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New research into recycling household plastics to be launched in Scotland

WRAP and Remade Scotland are hosting a joint discussion about new research into how common household plastics can be recycled.

The event, to be held on 19 Jun 08 at Jurys Inn, Jamaica Street, Glasgow, will bring together a host of specialists to discuss recycling objects such as yoghurt pots and salad bags.

18 Jun 08

New research from WRAP has found that recycling not just plastic bottles but other plastic packaging as well can be cost-effective and environmentally friendly. WRAP has just launched its first business plan for Scotland and, in this, proposes to review the outcomes of its mixed plastics research against Scotland’s circumstances. Delivery of the Scotland Business Plan will be led by WRAP’s new Director for Scotland, Iain Gulland, who will start work on 23 June.

Scotland produces around 250,000 tonnes of mixed plastic packaging waste every year.  The total for the UK is 1m and this figure is growing by 2-5% every year. It makes up around 7- 9% of household weight by waste and its volume means it stands out in the average person’s bin.

WRAP did the research to see if it made financial sense to recycle this waste and if recycling it would be better for the environment than other options – such as burning it or sending it to landfill. In particular, WRAP wanted to see if these ordinary household items could be recycled to make new ones, rather than having to use virgin plastics every time.

There is currently a ‘Catch 22’ situation, with few local authorities prepared to collect plastic waste other than bottles, as there is limited potential for them to be recycled. However, this means there is a lack of such plastics available for companies to attempt to do so.

WRAP’s research included trials of sorting different types of plastics, an analysis of the type of technology needed, an estimate of running costs, and modelling of the financial rate of return. It also compared the environmental impacts of different ways of dealing with this type of plastic waste, including burning it and sending it to landfill. The research showed that, in addition to the environmental benefits, recycling can be cheaper than both these options.

Overall, landfill is the least favourable option for disposing of plastics waste. However, in terms of global warming potential the research found that incineration of plastic packaging was the worst option. This is because more CO2 is emitted by burning plastics than by burning gas or coal to generate the same amount of electricity.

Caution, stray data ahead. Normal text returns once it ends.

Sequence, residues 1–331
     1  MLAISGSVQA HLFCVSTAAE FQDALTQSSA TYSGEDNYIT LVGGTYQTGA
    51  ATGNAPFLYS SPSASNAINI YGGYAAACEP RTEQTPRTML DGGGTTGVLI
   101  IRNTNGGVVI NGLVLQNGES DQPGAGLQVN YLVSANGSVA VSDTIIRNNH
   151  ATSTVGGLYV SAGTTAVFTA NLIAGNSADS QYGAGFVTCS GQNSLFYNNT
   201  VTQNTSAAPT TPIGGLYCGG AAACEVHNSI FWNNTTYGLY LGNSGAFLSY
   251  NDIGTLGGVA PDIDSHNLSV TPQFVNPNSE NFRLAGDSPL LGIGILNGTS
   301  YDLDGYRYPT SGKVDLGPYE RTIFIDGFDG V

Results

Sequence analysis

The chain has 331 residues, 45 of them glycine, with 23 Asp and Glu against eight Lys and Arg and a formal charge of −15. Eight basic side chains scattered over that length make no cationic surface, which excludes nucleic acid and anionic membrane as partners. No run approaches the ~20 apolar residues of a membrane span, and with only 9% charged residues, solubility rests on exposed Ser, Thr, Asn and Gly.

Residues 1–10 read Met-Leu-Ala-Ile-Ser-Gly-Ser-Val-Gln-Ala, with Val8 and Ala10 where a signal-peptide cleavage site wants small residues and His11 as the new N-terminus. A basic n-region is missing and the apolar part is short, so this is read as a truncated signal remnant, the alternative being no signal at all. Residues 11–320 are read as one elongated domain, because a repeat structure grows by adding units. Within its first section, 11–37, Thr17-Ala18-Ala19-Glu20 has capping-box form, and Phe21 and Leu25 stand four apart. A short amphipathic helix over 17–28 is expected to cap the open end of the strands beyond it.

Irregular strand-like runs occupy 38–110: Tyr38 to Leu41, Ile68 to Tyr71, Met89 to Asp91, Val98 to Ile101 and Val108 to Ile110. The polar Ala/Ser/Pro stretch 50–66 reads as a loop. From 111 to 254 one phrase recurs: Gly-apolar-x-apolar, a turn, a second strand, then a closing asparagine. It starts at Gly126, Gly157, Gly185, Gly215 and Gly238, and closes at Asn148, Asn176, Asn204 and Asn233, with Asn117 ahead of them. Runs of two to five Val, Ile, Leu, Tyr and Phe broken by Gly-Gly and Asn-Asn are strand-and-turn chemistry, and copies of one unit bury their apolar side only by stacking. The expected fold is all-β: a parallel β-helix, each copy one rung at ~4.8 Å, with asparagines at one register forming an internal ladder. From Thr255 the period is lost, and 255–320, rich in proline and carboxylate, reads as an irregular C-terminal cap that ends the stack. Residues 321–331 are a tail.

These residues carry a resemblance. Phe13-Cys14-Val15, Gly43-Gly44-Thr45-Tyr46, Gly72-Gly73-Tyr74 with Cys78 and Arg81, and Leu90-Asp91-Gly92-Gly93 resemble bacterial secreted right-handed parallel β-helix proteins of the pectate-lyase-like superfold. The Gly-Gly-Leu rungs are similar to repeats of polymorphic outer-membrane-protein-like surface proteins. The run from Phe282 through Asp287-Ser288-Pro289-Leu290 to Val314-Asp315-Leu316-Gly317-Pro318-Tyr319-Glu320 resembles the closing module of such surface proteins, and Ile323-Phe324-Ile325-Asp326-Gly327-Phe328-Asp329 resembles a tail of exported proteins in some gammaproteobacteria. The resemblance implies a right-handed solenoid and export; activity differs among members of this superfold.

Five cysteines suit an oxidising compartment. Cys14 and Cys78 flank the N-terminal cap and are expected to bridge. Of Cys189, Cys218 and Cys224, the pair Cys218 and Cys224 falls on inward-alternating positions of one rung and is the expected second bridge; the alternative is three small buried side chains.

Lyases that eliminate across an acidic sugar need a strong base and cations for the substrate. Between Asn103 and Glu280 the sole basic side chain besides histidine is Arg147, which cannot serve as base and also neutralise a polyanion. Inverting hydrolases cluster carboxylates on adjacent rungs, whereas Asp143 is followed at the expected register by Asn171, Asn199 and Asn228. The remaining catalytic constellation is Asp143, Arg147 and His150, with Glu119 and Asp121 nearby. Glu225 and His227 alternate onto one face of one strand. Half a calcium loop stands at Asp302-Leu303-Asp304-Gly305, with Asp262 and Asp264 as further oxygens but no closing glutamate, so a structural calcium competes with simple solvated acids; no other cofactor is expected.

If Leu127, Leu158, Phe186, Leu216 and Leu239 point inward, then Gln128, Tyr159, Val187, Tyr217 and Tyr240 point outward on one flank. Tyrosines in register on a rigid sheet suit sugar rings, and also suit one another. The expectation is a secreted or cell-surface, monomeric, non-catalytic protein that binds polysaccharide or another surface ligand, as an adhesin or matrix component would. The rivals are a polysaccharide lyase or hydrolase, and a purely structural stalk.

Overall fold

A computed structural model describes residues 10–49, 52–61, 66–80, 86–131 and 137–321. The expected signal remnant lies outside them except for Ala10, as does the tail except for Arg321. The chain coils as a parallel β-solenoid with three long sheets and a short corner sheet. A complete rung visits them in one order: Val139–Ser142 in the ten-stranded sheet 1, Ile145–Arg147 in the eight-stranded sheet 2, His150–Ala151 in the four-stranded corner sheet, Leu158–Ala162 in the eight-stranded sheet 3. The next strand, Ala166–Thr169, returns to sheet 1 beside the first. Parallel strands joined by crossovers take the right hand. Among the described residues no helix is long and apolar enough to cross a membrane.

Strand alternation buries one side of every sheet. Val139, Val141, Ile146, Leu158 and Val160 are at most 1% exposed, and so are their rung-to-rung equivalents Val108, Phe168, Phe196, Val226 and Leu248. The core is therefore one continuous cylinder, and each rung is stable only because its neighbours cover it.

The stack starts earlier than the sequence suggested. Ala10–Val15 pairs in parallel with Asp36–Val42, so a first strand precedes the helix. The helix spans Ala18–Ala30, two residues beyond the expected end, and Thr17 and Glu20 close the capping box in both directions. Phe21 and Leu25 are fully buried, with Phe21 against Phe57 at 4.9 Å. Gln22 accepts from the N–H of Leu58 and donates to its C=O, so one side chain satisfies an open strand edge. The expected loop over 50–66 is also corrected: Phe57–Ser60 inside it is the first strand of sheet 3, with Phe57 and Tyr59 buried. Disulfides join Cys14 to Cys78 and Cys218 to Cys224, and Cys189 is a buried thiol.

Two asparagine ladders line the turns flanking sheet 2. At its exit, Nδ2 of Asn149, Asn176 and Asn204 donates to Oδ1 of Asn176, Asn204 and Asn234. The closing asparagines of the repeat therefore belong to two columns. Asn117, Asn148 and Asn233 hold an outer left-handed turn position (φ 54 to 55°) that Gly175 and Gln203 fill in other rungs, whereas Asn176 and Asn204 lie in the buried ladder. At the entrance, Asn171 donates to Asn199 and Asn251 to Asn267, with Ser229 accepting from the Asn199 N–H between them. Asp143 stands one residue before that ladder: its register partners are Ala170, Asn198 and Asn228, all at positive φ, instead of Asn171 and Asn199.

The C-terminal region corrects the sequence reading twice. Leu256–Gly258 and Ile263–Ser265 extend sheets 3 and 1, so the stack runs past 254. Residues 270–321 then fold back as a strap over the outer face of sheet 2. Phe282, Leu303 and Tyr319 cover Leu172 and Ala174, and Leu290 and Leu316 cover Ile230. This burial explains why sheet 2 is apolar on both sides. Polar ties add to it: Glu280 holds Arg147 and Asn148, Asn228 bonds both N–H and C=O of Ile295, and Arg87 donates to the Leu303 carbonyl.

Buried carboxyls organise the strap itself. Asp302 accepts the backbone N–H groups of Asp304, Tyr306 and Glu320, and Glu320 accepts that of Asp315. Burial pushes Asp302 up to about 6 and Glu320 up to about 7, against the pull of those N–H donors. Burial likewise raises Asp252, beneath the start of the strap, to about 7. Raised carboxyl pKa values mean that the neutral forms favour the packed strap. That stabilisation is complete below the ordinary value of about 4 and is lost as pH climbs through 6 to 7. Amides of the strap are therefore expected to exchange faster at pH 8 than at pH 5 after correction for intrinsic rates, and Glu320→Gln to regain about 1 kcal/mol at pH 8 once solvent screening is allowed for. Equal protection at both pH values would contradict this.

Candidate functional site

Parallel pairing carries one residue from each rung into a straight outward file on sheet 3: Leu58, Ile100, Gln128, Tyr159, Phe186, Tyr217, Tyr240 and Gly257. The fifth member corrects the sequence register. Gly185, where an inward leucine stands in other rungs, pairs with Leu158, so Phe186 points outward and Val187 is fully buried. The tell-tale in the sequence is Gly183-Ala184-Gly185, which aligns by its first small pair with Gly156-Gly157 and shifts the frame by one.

The research showed that, on balance, the best environmental option is to invest in technology to produce high quality recycled plastics, but there will still be a need for solid recovered fuel (SRF) in some cases. Consequently, it makes sense to build integrated plants capable of both options as this improves the economic benefit and maximises the environmental impact.

Liz Goodwin, CEO WRAP, said:

“We are delighted to have Iain Gulland on board as WRAP’s new Director for Scotland and believe his appointment will help drive some real environmental changes in this area and others.

“This is the first time that we have been able to prove that recycling mixed plastics is not only possible, but cost-effective and makes good environmental sense. WRAP’s research is a first step towards getting that plastic out of the household bin and back in use. This will reduce the need for us to use large amounts of energy producing new plastics and the oil required in their content.”

Professor Jim Baird from Remade Scotland, said:

“Remade Scotland and WRAP are working together to find solutions to the problems of recycling mixed plastics in Scotland.  This event is an opportunity for us to present the results of our research and to explore the practical options for stimulating more recycling with other industry professionals.”

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